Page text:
Common reasons that people may seek a legal separation instead of a divorce are: religious reasons, not emotionally ready to go through a divorce, or to keep medical benefits. A legal separation does not stop either spouse from asking for a divorce in the future.  However, a new divorce case may need to be filed.

How Long Does an Uncontested Divorce Take?

Once your assigned department receives your documentation, the judge must review it and sign your Decree. On average, it will take three weeks for the judge to sign your divorce decree…sometimes less! If the court requires additional documentation, or wants to set a hearing, your timeline will change.  But all this will still be faster than a contested divorce, which could take up to a year to be finalized.

How much does an uncontested divorce cost?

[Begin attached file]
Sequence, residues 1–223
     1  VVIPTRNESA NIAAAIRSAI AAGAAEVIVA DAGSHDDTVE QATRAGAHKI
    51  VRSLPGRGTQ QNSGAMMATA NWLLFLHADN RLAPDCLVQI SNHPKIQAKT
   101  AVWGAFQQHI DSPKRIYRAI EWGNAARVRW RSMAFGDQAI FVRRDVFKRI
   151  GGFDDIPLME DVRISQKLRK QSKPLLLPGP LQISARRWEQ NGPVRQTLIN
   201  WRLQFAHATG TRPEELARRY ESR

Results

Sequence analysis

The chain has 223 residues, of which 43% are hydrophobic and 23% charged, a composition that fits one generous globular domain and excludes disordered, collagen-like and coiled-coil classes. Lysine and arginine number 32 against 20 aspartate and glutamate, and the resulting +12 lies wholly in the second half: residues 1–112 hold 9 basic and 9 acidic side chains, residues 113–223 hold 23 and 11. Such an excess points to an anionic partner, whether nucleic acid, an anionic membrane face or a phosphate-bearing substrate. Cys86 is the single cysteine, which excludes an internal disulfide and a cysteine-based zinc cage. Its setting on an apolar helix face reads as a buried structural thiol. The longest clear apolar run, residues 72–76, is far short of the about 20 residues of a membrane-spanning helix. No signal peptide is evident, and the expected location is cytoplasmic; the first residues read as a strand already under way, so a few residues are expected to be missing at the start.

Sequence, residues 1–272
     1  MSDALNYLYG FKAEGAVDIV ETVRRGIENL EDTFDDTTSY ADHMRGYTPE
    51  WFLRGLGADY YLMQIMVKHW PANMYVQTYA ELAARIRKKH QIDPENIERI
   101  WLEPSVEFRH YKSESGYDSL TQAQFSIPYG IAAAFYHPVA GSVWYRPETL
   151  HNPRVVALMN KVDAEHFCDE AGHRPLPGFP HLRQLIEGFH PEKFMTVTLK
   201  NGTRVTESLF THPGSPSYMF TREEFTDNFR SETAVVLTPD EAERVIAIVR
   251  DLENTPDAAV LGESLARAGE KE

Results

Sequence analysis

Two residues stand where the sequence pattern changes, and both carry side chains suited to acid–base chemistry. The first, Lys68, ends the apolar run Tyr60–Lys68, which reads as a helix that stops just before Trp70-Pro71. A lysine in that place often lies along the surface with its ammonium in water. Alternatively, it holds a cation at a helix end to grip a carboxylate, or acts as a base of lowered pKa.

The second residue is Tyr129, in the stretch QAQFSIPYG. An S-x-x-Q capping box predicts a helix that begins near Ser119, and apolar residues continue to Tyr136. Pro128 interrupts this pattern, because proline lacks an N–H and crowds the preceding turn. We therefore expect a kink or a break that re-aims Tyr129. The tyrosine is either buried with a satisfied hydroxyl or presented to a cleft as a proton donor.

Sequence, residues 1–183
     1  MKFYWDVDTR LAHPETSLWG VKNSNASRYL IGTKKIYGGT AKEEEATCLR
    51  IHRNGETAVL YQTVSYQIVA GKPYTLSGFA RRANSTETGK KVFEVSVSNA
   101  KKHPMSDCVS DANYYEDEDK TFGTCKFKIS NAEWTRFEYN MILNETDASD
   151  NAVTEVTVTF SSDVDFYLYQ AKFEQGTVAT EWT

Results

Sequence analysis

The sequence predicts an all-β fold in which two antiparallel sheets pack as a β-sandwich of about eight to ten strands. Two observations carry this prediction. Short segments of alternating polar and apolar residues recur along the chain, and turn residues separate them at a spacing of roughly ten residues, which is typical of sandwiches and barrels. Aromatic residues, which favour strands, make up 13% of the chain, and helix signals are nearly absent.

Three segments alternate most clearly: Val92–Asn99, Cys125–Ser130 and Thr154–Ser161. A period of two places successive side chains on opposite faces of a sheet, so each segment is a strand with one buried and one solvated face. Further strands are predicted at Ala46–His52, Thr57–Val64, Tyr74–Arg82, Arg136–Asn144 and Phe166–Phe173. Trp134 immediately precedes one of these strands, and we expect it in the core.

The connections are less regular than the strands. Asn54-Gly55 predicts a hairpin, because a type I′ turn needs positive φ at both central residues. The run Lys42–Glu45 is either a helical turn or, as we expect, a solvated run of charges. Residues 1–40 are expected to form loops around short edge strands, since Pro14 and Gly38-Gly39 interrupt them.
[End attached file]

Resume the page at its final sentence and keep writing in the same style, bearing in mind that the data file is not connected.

The court filing fee is around $300, plus, whatever you spend on notarizing your signatures. If you are using Right Lawyers, the cost is around $1,200 and we take care of everything.  We even pay your filing fee.

Can You File an Uncontested Divorce With a Child?

Yes, both parents can agree to ALL terms regarding the child. You must agree to legal custody (who will have decision-making ability over the child), physical custody (what days the child will be with each parent), child support, and who will pay for medical insurance for the child. If you disagree to any of these terms, a joint petition for divorce cannot be filed. Remember, you  must agree to all terms before filing an uncontested divorce!

Does an Uncontested Divorce Go Before a Judge?

Sometimes! Whether or not your uncontested divorce will require a hearing is dependent on the complexity of your divorce terms (is there a lot of property? will the child be relocating out of state with one of the spouses?) and how your documentation was completed. The judge may want to ask either spouse questions on the record before signing the Decree.  This is not typical but can happen.